“I think it’s fundamentally wrong that retail people aren’t being offered the best investment opportunities,” says Domingo. “I should be able to invest the same as a Harvard endowment, right? And I think these laws need to be changed, relaxed and improved. However, the compliance rules are there for a reason. They serve to protect investors. And I think in crypto people have realized that the lack of investor protection has actually caused a lot of retail people to lose a lot of money and that’s wrong. So companies, especially companies that make a lot of money, should have invested more in compliance to protect their investors, because ultimately it is the investors who suffer.”

Other potential blockchain applications could involve entirely new ways of structuring public funds, according to Miles Radcliffe-Trenner, KKR vice president of public affairs. “We’re very much in favor of this first offering, which closely follows how other private funds are being offered in the market,” says Radcliffe-Trenner. “We want to make sure we’re doing this right. We want to make sure investors have a great experience. But there is definitely an opportunity going forward to think about other structures that might actually reach a wider audience of investors and be able to tokenize those structures as well.”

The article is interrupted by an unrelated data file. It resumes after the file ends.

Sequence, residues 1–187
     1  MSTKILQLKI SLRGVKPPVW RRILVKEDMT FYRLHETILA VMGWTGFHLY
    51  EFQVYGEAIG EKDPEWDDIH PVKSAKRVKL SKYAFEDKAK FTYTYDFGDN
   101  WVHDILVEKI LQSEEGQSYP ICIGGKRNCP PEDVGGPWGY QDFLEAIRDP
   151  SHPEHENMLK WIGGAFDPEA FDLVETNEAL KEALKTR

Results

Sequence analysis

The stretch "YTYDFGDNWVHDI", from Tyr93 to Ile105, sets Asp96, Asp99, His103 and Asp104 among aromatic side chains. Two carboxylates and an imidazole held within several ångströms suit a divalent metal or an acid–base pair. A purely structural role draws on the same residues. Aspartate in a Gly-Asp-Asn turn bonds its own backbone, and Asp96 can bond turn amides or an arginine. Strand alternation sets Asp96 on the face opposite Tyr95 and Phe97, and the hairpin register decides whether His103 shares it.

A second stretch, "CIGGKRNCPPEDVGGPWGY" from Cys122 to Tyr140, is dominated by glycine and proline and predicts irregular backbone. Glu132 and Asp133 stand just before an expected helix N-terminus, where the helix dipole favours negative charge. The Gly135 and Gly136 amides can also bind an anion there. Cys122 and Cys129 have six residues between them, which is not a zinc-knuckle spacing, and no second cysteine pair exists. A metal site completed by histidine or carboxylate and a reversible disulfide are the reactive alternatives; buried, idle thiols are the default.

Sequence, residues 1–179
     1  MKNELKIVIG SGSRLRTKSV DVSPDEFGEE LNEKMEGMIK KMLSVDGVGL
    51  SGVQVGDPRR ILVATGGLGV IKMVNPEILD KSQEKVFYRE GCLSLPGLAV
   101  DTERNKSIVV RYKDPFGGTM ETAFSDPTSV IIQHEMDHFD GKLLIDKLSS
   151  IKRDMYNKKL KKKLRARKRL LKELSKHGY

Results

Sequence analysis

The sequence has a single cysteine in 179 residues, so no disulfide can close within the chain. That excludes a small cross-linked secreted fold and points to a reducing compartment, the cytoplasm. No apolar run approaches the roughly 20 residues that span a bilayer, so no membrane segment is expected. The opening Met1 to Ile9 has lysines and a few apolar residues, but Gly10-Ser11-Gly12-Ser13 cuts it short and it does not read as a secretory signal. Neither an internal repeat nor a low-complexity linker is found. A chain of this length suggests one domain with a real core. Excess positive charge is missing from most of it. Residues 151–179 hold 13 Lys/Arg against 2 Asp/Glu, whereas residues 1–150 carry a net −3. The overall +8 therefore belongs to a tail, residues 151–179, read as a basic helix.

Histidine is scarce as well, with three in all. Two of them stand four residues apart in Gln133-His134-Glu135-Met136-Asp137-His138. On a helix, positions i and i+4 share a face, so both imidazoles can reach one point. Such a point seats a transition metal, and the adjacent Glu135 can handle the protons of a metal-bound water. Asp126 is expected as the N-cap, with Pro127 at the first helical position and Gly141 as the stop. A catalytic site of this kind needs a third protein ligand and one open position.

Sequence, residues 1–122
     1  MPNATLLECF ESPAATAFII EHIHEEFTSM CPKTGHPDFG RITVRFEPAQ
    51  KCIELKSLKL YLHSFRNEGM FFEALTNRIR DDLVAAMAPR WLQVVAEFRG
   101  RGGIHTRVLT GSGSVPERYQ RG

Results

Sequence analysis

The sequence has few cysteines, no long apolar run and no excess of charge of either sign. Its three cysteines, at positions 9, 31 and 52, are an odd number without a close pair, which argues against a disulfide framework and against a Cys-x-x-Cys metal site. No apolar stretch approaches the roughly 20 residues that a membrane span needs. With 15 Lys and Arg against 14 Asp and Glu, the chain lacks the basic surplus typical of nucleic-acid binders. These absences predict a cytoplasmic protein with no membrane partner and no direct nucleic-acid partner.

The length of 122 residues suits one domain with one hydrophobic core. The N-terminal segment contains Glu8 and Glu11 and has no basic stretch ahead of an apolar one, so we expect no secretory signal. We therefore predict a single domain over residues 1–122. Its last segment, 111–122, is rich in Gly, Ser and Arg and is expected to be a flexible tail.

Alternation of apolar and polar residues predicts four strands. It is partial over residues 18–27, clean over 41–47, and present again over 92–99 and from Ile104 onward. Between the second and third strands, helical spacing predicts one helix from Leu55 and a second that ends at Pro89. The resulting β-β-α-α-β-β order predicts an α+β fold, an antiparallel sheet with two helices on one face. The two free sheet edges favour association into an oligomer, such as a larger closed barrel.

Ironically, as the technology was first adopted by privacy advocates and criminals for its supposed anonymity, Parant says that blockchains could eventually help businesses more easily comply with anti-money laundering and know-your-customer legal requirements. Domingo goes further, claiming that issuing securities on a blockchain reduces the likelihood of missteps like the Dole stock crisis of 2013, when phantom stocks were discovered and no one knew where they came from. He expects lessons from decentralized borrowing and lending protocols like $1 billion Aave and market makers like $2.5 billion Uniswap to be integrated into traditional finance.

“These are very novel blockchain protocols that have tremendous applicability in a massive trillion-dollar market that is the world of securities,” Domingo says.